The character Norman Bates, played by Anthony Perkins in the 1960 Hitchcock thriller Psycho (screenplay by Joseph Stefano, based on a novel by Robert Bloch), is one of the most memorable movie characters of all time. Some background on the character per Wikipedia:
The character Norman Bates in Psycho was loosely based on two people. First was the real-life murderer of the serial killer Ed Gein, about whom Bloch later wrote (1962) a fictionalised account, “The Shambles of Ed Gein”. (The story can be found in Crimes and Punishments: The Lost Bloch, Volume 3). Second, it has been indicated by several people including Noel Carter (wife of Lin Carter) and Chris Steinbrunner, as well as allegedly by Bloch himself, that Norman Bates was partly based on Calvin Beck, publisher of Castle of Frankenstein.
The characterization of Bates in the novel and the movie differ in some key areas. In the novel, Bates is in his mid-to-late 40s, short, overweight, homely, and more overtly unstable. In the movie, he is in his early-to-mid-20s, tall, slender, and handsome. Reportedly, when working on the film, Hitchcock decided that he wanted audiences to be able to sympathize with Bates and genuinely like the character, so he made him more of a “boy next door.” In the novel, Norman becomes Mother after getting drunk and passing out; in the movie, he remains sober before switching personalities.
In the novel, Bates is well-read in occult and esoteric authors such as P.D. Ouspensky and Aleister Crowley. He is aware that “Mother” disapproves of these authors as being against religion.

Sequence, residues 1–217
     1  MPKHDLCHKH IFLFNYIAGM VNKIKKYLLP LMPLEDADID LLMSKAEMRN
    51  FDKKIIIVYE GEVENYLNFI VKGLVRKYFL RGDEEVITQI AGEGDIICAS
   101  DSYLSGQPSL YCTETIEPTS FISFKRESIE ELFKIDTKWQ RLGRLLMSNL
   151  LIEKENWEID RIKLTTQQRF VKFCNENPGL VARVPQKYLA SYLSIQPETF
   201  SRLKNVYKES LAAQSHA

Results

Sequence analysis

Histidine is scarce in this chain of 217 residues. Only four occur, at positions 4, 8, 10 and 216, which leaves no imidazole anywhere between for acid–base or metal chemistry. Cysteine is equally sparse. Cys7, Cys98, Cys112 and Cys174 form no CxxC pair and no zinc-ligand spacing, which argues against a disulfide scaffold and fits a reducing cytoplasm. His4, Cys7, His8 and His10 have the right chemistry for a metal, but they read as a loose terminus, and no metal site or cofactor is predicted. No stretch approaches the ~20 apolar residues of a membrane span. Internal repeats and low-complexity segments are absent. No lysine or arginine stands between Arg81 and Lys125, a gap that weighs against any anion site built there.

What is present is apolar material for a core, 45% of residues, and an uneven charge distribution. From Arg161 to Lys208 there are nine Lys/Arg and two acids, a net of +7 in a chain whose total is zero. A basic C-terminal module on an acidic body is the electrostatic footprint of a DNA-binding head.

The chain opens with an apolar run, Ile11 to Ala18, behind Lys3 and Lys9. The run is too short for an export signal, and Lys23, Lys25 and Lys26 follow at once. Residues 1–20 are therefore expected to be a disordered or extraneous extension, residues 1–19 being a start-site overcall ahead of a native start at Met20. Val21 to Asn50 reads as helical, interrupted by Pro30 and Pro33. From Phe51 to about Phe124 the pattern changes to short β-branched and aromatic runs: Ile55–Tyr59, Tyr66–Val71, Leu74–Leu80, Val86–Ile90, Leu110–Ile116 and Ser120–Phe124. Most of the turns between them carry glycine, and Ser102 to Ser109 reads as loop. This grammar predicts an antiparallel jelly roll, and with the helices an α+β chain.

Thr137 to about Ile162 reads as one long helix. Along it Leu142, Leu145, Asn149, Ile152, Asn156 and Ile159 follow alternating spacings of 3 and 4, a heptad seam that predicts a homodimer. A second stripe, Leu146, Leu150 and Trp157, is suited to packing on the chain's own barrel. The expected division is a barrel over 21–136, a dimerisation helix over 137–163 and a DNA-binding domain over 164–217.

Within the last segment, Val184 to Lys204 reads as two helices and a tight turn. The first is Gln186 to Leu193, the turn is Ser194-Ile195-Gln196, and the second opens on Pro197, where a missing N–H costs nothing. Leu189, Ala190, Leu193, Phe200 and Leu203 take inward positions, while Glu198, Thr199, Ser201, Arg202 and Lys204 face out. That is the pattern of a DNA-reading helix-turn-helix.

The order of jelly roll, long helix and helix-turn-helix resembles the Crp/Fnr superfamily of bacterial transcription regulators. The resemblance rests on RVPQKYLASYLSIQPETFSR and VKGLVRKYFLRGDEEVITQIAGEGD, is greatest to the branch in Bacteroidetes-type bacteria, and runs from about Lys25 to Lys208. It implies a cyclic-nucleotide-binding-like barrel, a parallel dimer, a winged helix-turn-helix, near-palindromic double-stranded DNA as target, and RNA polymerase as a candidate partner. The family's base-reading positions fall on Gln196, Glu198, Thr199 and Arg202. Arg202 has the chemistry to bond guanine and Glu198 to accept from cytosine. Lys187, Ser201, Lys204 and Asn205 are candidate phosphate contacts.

Here are some quotes from the movie:
Norman Bates: You know what I think? I think that we’re all in our private traps, clamped in them, and none of us can ever get out. We scratch and we claw, but only at the air, only at each other, and for all of it, we never budge an inch.
Marion Crane: Sometimes, we deliberately step into those traps.
Norman Bates: I was born into mine. I don’t mind it anymore.
Marion Crane: Oh, but you should. You should mind it.
Norman Bates: Oh, I do
Norman Bates: but I say I don’t.
Marion Crane: You know – if anyone ever talked to me the way I heard – the way she spoke to you…
Norman Bates: Sometimes – when she talks to me like that – I feel I’d like to go up there – and curse her – and-and-and leave her forever! Or at least defy her! But I know I can’t. She’s ill.
Marion Crane: Wouldn’t it be better if you put her… someplace.
Norman Bates: You mean an institution? A madhouse?
Marion Crane: No, I didn’t mean it like…
Norman Bates: [suddenly angry] People always call a madhouse “someplace”, don’t they? “Put her in someplace!”
Marion Crane: I’m sorry. I didn’t mean to sound so uncaring.
Norman Bates: What do you know about caring? Have you ever seen the inside of one of those places? The laughing, and the tears, and those cruel eyes studying you? My mother there?
Norman Bates: Oh, but she’s harmless. She’s as harmless as one of those stuffed birds.
Marion Crane: I tried to mean well.
Norman Bates: People always mean well. They cluck their thick tongues, and shake their heads and suggest, oh, so very delicately!
And of course this:
Norman Bates: Mother! Oh God, mother! Blood! Blood!
I know Bates is a villain. But I’ve always thought it’s more interesting to look at his character as the story’s Protagonist. Talk about a state of Disunity!
Any Psycho fans out there?